Ghost of Tsushima Is Another Solid, Slightly Unambitious, PlayStation PC Port


As Sony continues to bring many of its acclaimed PlayStation console exclusives to PC, each release seems to be getting better in terms of quality and stability. Ghost of Tsushima is the latest to uphold this trend, with developer Nixxes showing yet again how valuable of a purchase it was in the pursuit of this PC-focused endeavor. Taking the work done by Sucker Punch on the PlayStation 4 and translating it to a smooth PC experience might sound trivial in the face of more demanding projects such as Returnal and Ratchet and Clank: Rift Apart, but it doesn’t make the final product any less impressive when you’re able to get it running far beyond even the PlayStation 5 version’s level of visuals and performance.

Ghost of Tsushima on PC is the complete package, including the post-launch multiplayer mode Legends (which requires a PSN account to play) and the entertaining

A wide range of hardware is also supported in terms of resolution scaling features, with support for Nvidia’s DLSS, AMD’s FSR, and Intel XeSS super-sampling solutions. In addition, you can make use of Sucker Punch’s own TAA solution with dynamic resolution scaling, which matches how the PlayStation handles the game, although it’s a much less refined option than those offered by PC graphics cards. More surprising still is the decoupling of AMD’s hardware agnostic frame generation solution, letting you pair it up with Nvidia’s DLSS for the first time (officially) in a PC title. This means that you don’t need a modern Nvidia 40-series card to enjoy the benefits of frame generation, which can nearly double your frame rate without much perceivable latency. There are some issues with image quality if you look hard enough, as the generated frames are injected between natively rendered ones, but they’re minor enough that I played with the setting enabled for most of my time. This won’t magically transform the game into a 60fps one if you are struggling to sustain that level of performance, however, as you’ll have the best results with the game running there or higher already.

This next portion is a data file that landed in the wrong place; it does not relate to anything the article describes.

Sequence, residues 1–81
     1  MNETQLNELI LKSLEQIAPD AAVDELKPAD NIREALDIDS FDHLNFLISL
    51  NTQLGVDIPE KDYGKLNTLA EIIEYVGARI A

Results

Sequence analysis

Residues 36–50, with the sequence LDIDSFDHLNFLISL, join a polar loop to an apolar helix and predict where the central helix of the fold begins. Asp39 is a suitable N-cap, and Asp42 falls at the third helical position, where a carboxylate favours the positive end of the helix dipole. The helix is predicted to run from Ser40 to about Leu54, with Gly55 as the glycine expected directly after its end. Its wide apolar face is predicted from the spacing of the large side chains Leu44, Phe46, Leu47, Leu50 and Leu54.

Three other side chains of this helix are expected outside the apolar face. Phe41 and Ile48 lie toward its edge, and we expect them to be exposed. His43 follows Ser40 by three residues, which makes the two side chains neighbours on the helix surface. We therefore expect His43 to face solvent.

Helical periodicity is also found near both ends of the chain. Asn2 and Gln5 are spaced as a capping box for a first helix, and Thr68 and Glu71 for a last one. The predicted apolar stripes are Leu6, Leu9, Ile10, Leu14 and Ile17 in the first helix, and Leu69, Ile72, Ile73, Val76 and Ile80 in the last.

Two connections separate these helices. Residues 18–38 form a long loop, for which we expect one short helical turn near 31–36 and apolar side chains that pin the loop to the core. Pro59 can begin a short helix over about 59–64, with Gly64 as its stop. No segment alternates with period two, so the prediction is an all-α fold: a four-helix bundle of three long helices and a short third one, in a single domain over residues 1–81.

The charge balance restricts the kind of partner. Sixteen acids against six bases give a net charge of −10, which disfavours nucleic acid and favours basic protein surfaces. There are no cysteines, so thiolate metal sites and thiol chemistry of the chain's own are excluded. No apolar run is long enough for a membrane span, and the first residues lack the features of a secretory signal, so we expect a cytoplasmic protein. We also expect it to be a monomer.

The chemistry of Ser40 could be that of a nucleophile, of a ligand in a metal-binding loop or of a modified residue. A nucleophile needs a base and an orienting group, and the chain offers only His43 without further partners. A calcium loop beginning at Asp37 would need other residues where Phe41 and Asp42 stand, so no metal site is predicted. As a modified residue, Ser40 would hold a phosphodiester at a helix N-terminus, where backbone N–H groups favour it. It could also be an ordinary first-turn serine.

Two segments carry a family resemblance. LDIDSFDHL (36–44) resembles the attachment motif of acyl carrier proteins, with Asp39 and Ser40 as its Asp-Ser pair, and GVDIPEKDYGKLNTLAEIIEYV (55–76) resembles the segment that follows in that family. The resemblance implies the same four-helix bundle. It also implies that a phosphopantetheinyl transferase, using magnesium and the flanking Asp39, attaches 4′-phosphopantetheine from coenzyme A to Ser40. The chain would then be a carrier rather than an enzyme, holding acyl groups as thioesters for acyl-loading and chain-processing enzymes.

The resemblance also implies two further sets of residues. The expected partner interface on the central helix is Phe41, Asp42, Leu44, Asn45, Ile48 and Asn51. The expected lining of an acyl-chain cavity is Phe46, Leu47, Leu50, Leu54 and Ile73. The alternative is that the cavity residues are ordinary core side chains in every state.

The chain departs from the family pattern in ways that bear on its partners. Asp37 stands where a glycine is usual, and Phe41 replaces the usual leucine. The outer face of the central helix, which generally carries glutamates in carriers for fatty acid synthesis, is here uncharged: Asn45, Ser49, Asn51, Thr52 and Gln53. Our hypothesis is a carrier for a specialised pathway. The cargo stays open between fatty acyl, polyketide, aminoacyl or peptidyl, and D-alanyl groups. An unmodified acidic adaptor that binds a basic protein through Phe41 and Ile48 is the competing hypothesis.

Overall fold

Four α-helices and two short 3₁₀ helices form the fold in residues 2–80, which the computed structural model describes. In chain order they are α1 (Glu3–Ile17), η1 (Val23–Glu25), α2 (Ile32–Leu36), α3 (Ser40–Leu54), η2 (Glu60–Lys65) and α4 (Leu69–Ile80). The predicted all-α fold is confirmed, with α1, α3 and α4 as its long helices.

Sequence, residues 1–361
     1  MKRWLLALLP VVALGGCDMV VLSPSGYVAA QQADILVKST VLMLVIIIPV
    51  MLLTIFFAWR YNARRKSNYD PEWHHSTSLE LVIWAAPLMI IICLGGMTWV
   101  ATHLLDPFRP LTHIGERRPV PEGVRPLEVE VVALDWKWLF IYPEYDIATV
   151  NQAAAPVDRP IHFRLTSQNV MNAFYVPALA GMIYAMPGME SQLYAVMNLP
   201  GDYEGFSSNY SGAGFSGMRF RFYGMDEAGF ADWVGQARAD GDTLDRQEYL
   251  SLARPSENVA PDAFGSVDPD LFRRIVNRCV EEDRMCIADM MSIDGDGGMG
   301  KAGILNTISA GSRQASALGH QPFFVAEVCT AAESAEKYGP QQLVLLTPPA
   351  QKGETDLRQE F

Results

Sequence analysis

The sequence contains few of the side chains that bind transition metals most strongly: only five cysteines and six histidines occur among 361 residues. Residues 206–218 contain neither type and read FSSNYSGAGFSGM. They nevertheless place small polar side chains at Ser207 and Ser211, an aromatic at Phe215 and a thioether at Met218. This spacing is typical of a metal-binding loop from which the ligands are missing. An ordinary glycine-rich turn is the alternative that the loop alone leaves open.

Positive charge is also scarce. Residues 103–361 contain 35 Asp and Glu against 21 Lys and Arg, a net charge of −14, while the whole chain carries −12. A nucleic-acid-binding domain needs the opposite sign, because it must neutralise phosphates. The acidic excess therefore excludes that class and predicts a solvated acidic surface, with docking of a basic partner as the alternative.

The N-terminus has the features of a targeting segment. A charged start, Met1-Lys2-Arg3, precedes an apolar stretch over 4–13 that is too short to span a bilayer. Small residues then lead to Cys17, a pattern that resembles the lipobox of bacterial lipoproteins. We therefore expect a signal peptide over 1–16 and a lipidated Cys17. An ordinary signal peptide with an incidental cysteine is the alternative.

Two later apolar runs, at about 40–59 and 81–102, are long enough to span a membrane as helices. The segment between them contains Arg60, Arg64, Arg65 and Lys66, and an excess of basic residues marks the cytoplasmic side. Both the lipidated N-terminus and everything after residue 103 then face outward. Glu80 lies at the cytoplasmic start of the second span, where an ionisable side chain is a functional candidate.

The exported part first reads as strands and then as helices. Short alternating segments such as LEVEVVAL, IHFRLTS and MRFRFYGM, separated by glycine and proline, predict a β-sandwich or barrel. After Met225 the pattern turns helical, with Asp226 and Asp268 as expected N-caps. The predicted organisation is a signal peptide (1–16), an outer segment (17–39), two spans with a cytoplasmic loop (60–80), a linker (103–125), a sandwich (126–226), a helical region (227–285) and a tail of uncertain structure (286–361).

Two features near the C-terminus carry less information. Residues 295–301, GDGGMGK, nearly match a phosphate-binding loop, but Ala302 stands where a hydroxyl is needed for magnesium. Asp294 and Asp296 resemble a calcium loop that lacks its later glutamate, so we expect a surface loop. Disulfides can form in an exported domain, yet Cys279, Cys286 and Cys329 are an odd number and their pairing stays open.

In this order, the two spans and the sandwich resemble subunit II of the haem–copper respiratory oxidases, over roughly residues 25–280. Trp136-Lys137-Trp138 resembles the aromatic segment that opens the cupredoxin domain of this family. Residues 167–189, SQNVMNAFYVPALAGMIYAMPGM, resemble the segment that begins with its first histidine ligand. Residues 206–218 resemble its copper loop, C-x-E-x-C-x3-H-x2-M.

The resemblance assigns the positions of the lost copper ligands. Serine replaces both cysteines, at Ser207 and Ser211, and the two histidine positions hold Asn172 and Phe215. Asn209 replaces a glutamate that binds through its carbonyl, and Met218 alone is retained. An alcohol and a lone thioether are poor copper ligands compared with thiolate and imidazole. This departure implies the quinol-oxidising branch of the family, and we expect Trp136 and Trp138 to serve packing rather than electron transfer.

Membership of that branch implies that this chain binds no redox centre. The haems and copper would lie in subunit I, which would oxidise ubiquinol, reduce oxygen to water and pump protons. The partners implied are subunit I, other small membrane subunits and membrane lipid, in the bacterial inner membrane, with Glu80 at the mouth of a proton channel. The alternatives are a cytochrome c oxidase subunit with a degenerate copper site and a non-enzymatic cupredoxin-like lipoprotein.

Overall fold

Between its scalable performance and robust range of settings, Ghost of Tsushima is another feather in the cap of Nixxes’ work with PlayStation exclusives. Even if it’s without some big improvements over its console counterpart, it’s nonetheless a great way to experience one of the most visually striking open worlds on the market today despite its age, with the dangers and wonders of Tsushima island still a delight to experience for the first time.